Eventually, as his teams began outperforming the highest youth levels in Chinese football, Genbao decided to make the club professional to give his starlets a chance to continue their development. In 2005, Genbao helped found Shanghai Dongya FC (now Shanghai SIPG) in China League Two, the third tier of Chinese football. Despite having a team comprised almost entirely of players between the ages of 14 and 17, Dongya finished their first season in 7th place.

Wu Lei made his debut for Shanghai Dongya in their first season, becoming the youngest ever player in China’s professional leagues at 14 years and 287 days. Dongya were promoted the following season and finished their maiden campaign in the second tier in fourth place, just three points short of the promotion places. Genbao’s academy graduates were stunning the country, finally earning them the nickname “The Manchester United of China” in reference to Genbao’s vision for the club. By this time Wu Lei had become a regular in a side seemingly destined for incredible success.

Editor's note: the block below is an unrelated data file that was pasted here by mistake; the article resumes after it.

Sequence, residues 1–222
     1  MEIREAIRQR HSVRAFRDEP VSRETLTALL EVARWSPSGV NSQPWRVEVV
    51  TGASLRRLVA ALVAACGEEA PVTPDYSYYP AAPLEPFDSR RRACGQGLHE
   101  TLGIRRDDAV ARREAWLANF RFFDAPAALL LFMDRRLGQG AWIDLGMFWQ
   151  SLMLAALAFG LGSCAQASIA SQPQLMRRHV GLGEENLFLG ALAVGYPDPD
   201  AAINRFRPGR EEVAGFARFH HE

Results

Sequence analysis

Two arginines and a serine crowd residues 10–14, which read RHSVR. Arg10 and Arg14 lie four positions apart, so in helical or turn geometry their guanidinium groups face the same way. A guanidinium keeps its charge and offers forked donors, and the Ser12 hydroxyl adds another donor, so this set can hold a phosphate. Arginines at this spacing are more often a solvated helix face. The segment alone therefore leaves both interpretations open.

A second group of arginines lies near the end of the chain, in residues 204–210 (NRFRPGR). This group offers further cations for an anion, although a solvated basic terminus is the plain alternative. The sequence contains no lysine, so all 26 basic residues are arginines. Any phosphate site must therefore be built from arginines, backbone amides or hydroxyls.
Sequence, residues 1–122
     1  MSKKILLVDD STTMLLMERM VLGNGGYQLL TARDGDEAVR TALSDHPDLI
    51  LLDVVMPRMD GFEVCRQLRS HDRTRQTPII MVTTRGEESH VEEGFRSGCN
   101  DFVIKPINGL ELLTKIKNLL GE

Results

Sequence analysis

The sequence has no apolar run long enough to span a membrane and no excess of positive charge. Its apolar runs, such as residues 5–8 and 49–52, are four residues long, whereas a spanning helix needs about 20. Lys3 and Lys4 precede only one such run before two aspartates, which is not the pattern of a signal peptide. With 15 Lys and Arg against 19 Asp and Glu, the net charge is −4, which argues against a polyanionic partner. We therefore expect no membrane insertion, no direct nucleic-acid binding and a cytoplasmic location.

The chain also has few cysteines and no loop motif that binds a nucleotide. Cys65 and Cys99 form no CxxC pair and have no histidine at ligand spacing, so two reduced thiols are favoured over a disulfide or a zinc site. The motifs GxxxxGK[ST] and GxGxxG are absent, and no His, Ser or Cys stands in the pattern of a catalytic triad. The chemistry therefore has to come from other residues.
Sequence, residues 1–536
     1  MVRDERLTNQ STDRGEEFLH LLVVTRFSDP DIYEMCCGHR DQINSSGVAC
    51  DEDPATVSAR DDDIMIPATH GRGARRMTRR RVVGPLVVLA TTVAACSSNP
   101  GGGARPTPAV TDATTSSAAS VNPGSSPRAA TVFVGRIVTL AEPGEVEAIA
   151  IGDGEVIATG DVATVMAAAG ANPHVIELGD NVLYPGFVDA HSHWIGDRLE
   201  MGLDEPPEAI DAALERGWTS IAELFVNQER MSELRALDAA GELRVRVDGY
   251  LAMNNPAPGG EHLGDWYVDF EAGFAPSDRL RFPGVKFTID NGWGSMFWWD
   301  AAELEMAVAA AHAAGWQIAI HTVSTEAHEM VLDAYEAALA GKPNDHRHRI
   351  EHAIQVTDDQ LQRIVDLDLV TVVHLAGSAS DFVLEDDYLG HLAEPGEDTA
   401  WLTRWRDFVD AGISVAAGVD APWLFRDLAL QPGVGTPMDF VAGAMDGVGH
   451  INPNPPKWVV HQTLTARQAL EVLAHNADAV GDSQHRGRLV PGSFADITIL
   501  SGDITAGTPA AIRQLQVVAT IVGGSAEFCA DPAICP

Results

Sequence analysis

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Lei also had success internationally for China’s youth teams, with his impressive goal scoring exploits for the U17’s and U20’s leading to a call-up for the full national team for the 2010 East Asian Football Championship under Gao Hongbo. The youngest player at the tournament at just 18, Lei made his international debut in a win over Hong Kong as China went on to win the tournament.

After five seasons in the second tier, SIPG were promoted to the Chinese Super League for the first time in their history in 2012. After scoring 39 league goals in the previous three seasons, expectations were high for Lei in the Super League. Lei, still just 21, hit the ground running scoring in his first ever top-flight match against powerhouse Beijing Guoan. Lei would go on to score 15 league goals, including three hat-tricks, winning the domestic golden boot as the top Chinese goal scorer and becoming a regular in the national team.

Even after the club was bought by the Shanghai International Port Group in 2015 and began to invest more heavily in foreign players and coaches, Lei’s place was never in doubt. Wu Lei has since established himself as one of the elite players in the division and has a strong claim to be the best Chinese footballer of all time. Lei has won the domestic golden boot five times in a row, every season he has played in the top flight, and is currently on place for his sixth as he leads the entire league in goals this season.